Jul 31, 2014 07:47 AM EDT
Bees Assess Pollen Quality Based On Petal Color, Study
Bumblebees can identify pollen quality based on floral features like petal colour in an attempt to pick the right flowers, according to a new study by the University of Exeter.
Until now, bees' ability to form associative relationships between physical features of a flower and the pollen quality remained unclear.
For the study, researchers tested bumblebee foragers under controlled conditions to determine whether they learn about flowers during pollen collection or not. In the experiments, they manipulated the quality of pollen by diluting the samples. The researchers presented four different coloured discs containing stronger and less diluted pollen to record preferences and change of preferences over time. The researchers only let the bees smell and see the pollen rather than probing it.
The researchers found that bumblebees can evaluate pollen samples and can quickly form preferences for a particular type of pollen. The pollen foraging behaviour involves learning and individual decision-making that allows bees to quickly decide which flowers provide the most nutritious pollen for nurturing their young.
"There is still very little known about how bees decide which flowers to visit for pollen collection. Easily learning floral features based on pollen rewards, without needing any nectar rewards, is a fast and effective way to recognise those flower species which bees have previously experienced to be the best ones," Dr Natalie Hempel de Ibarra, Senior Lecturer in Neuroethology, said in a statement.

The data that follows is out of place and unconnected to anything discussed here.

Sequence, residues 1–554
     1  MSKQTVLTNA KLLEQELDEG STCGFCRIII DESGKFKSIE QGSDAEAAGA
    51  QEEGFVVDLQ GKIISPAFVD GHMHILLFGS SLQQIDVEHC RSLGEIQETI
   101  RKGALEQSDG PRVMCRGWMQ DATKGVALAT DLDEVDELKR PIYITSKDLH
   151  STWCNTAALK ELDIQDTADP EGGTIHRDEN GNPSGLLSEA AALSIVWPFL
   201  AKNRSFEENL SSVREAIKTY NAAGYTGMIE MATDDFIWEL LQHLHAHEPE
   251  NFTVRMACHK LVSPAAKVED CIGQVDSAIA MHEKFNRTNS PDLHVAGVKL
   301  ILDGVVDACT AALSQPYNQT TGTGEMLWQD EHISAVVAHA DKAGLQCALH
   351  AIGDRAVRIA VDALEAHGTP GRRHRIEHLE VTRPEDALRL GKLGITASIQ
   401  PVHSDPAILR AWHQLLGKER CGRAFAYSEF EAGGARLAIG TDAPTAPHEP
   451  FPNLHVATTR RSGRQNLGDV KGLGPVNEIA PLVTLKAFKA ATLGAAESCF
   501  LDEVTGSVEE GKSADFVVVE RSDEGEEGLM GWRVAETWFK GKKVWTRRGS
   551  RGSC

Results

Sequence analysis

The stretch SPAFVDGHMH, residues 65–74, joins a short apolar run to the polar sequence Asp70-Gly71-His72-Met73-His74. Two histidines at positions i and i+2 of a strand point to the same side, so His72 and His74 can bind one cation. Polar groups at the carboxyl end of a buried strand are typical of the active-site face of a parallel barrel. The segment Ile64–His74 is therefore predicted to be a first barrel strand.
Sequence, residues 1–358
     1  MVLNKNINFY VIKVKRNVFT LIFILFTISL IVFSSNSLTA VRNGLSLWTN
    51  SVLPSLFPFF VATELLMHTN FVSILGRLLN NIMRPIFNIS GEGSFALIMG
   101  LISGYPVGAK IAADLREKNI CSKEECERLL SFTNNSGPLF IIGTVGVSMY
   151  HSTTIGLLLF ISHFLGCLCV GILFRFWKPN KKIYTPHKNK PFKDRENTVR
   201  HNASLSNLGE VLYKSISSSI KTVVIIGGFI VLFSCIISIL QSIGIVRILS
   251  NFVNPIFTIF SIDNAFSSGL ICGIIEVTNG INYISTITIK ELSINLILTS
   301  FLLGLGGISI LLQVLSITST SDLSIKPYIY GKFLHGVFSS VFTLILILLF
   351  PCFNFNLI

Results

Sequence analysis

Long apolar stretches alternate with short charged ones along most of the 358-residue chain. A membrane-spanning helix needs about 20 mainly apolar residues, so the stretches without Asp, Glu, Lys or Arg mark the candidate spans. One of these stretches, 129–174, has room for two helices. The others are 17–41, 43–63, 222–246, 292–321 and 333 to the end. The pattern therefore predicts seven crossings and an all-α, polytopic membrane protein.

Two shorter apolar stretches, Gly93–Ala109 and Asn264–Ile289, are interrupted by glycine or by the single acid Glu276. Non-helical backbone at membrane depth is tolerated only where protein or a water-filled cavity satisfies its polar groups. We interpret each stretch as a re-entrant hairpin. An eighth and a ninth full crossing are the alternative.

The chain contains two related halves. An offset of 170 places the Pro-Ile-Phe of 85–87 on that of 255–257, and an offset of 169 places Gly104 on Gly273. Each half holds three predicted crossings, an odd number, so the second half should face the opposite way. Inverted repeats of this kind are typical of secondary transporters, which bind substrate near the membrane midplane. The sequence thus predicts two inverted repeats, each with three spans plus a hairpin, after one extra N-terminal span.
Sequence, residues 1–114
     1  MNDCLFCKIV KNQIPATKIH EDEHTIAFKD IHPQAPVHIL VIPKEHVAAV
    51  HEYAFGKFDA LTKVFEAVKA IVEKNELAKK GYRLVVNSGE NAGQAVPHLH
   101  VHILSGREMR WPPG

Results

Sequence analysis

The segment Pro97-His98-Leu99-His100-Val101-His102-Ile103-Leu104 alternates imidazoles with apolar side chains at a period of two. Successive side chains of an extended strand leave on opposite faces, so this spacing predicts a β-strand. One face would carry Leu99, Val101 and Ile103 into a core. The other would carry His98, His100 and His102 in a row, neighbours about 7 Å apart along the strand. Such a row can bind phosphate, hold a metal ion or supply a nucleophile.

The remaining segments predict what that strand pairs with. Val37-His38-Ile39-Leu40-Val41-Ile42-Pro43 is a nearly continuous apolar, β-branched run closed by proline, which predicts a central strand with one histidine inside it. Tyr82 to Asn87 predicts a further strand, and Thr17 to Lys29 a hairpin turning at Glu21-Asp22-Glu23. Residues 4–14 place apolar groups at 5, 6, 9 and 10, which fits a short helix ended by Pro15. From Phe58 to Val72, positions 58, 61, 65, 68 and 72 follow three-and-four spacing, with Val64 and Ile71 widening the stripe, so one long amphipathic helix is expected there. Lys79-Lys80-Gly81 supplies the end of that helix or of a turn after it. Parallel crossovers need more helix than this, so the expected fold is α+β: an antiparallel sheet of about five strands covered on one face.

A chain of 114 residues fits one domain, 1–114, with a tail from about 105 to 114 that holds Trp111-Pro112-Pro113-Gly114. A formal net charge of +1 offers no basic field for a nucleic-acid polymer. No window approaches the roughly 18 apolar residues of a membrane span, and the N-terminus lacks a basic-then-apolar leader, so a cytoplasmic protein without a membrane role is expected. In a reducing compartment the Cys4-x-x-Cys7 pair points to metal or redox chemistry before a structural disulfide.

Dr Elizabeth Nicholls, a Post Doctoral Research Fellow at the University of Sussex, said that since bumblebees don't eat pollen while foraging, the researchers were intrigued to know how they are able to judge the quality.
"Here we've shown that they are able to detect differences in pollen, even before landing, which means they may be able to tell, just from the colour of the petals, which flowers are worth visiting,"
The finding is published in the Journal of Experimental Biology.
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